You can "penetrate" with a punch without pushing it. Aiming for the back of the head with your punch isn't "pushing", contrary to what some who replied seem to think.

    Pushing increases the duration of the collisiion and thus decreases impact force.
     
    Last edited: Sep 7, 2010
  12. c0r1nth14n

    c0r1nth14n Blue Belt

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    Okay, that was what I was thinking I remembered from HS physics - duration decreasing the impact. And I like that word "popping". The only word I could think of was snapping, but that seems to imply a lack of actual power behind it. So, if I'm correct, the idea would be to punch through the target but without pushing?
     
  13. SAAMAG

    SAAMAG San Antonio Applied Martial Arts Group

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    Right...knockout power doesn't come from pushing. Executing a penetrating strike doesn't come from pushing. Both come from exploding into the target as quickly as possible, i.e accelerating the mass as much as you can within the distance given and offloading the force in the shortest duration possible.

    Pushing when punching is just meant to push the person into another punch in my experience...because what would cause more damage? A moving car hitting a static car? Or two cars moving accelerating towards each other and colliding?

    That's also why timing is important in striking because if you can intercept a movement with your strike, you've increased the effectiveness over just hitting them when they're static or moving away.
     
  14. casper1kebab

    casper1kebab Yellow Belt

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    qft
     
  15. chino0503

    chino0503 Black Belt

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    there's different type of punches... you dont ALWAY wanna punch thru the target. you wanna change your pace, and style of punching.

    theres a time for a nice stiff jab, theres a time for a snappy ones, theres a time for annoying pawing jabs. you gotta be versatile. being able to change paces is what sets up the big shots.

    so yeah.. i agree. you want to punch thru the target but not always. you gotta have crazy cardio to fight like that all the time. sometimes you gotta pitty pat, sometimes you gotta snap... set them power shots up.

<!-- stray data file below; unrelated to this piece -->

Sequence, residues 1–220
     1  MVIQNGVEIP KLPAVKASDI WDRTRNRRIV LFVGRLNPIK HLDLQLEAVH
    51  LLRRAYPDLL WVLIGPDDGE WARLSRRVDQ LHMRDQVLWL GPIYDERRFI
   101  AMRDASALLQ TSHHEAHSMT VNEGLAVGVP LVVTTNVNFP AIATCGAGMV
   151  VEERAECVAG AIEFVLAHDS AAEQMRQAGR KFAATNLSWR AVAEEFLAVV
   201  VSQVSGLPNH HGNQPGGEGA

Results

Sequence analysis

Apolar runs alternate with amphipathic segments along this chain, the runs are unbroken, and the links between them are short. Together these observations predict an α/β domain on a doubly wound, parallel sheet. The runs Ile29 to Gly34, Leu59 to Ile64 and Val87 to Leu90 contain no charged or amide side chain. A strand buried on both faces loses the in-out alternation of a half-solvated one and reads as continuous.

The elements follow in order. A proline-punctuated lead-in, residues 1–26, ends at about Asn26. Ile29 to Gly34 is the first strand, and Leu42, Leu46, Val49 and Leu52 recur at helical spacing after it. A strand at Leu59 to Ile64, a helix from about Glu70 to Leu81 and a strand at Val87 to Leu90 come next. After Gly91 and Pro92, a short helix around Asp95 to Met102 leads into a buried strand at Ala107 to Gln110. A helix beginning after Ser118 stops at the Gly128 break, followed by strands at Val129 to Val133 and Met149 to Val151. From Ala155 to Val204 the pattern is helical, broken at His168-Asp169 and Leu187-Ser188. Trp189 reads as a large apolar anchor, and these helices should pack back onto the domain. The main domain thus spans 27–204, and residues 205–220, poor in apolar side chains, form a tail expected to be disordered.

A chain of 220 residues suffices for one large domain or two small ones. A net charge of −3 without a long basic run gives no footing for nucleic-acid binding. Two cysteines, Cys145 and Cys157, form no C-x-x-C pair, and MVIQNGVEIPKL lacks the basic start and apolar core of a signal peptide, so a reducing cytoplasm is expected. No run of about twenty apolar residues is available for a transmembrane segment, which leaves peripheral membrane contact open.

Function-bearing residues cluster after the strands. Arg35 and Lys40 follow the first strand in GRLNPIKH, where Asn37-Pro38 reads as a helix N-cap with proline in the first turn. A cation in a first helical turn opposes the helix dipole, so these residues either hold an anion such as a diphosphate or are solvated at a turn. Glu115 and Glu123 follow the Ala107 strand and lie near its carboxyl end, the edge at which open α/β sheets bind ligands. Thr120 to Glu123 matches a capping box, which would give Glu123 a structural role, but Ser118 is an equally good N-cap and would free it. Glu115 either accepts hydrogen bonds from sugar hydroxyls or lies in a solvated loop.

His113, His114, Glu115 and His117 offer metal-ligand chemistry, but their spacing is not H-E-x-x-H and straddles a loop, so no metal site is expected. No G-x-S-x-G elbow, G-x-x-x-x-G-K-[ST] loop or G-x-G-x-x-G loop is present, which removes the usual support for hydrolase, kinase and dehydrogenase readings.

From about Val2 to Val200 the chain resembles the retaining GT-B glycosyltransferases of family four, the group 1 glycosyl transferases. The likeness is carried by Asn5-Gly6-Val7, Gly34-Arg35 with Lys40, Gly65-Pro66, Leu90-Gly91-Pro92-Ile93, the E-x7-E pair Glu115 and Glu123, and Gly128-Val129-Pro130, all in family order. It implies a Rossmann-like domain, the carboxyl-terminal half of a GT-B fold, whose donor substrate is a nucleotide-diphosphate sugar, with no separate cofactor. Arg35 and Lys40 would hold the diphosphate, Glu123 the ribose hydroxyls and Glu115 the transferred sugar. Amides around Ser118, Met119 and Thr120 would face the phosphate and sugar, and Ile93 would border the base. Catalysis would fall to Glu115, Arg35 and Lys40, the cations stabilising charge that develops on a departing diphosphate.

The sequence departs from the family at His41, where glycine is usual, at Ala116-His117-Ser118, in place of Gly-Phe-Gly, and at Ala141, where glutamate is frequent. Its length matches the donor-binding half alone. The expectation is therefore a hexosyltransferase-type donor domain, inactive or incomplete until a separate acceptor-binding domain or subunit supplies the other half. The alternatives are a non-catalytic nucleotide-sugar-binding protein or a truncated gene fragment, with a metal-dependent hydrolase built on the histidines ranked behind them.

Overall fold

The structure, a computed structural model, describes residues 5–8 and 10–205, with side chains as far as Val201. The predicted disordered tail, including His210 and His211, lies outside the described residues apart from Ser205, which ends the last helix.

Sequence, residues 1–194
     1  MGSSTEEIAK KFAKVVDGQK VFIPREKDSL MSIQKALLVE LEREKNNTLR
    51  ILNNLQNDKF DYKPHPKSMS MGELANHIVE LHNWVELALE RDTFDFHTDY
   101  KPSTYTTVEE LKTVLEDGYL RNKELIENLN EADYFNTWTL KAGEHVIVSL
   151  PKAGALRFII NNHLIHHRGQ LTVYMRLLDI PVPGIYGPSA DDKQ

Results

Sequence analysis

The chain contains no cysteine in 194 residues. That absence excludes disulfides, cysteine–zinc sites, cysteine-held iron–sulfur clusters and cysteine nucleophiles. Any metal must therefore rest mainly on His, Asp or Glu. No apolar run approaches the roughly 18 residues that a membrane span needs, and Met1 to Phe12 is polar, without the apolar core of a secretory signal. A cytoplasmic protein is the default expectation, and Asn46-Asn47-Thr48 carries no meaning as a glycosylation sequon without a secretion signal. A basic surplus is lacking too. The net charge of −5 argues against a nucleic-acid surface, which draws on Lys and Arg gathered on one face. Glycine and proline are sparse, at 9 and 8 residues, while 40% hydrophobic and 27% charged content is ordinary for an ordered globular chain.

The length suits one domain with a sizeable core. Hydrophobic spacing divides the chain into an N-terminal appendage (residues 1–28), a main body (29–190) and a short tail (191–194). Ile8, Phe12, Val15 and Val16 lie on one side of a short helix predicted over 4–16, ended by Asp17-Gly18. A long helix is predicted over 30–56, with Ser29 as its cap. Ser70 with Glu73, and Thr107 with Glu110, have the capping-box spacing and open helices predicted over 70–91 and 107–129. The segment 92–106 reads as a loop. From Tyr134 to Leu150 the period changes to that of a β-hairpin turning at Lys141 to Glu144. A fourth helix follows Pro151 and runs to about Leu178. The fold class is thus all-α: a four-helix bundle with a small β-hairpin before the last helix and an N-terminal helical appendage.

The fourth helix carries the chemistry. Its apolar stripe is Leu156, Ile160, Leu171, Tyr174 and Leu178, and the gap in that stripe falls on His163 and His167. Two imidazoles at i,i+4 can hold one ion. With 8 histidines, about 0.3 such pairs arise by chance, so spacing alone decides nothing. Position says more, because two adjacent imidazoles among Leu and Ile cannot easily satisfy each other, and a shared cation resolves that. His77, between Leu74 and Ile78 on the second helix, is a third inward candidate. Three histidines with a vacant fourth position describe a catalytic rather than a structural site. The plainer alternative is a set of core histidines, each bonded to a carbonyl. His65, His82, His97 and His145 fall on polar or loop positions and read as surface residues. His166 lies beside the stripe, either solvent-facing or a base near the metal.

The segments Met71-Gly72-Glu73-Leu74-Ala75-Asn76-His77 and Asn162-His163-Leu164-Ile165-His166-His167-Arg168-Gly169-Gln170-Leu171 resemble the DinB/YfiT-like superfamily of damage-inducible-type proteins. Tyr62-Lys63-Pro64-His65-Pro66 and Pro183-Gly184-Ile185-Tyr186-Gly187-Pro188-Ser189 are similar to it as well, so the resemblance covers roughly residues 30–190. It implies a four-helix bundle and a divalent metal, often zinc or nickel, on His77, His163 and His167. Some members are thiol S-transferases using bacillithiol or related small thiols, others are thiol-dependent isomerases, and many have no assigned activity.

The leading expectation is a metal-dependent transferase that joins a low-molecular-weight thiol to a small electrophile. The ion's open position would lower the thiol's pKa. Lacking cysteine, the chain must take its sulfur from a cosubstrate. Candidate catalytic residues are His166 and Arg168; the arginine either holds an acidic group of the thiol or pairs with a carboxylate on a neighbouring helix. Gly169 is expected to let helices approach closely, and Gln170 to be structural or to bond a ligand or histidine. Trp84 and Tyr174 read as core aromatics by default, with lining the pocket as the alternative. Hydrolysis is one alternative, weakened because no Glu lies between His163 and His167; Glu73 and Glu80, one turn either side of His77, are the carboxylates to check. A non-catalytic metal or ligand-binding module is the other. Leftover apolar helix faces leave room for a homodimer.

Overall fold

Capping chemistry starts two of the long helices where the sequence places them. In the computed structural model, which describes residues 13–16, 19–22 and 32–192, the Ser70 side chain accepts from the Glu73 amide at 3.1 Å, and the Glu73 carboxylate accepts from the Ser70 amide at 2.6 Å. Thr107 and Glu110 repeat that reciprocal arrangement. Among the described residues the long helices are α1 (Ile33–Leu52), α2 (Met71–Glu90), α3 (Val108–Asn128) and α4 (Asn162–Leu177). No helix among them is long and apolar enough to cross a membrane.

and ts. you wanna punch thru the body. elbows and shoulder behind the punch. a thump is the best sound you wanna hear... slapping sound is no good.
     
  16. c0r1nth14n

    c0r1nth14n Blue Belt

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    Thanks for the advice, guys! This has definitely clarified a few things for me. I'll have to work on popping.
     
  17. DS614

    DS614 Brown Belt

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    KO's result from banging the brain around inside their skull. You connect to the chin and their head snaps and their brain slams around, they fall over. You don't need a crap load of force, you just need to connect correctly and with speed to get that snap.

    Punching someone's body is different. You are aiming for the internal organs and have to drive your fist up into those organs.

    Bas Rutten has a really good explanation on the punch to the liver.




    Pushing punches sounds like arm punches.
     
  18. SAAMAG

    SAAMAG San Antonio Applied Martial Arts Group

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    Also very true. Different punches for different reasons.
     
  19. SAAMAG

    SAAMAG San Antonio Applied Martial Arts Group

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    If you try loading up on a lead hook--you increase the likelihood that it will be seen and countered or defended. I realize that what he shows is a secondary punch, but it got me thinking about how I go about setting up the body shots.

    I generally don't "load up" like that unless the load up happens as a combination with another punch. So what I do if I want to load it for a big left hook or shovel hook is I'll use the 1-2-3 or just 2-3; the jab allows for a good load up on the cross, which allows for a good load up on the left hook to head or body. I also keep my non-punching hand close to my chin.

    But different strokes for different folks.
     
  20. c0r1nth14n

    c0r1nth14n Blue Belt

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    Of course - how did I not think to look for Bas videos on body shots? Very helpful, although I also don't load up so much. Thanks!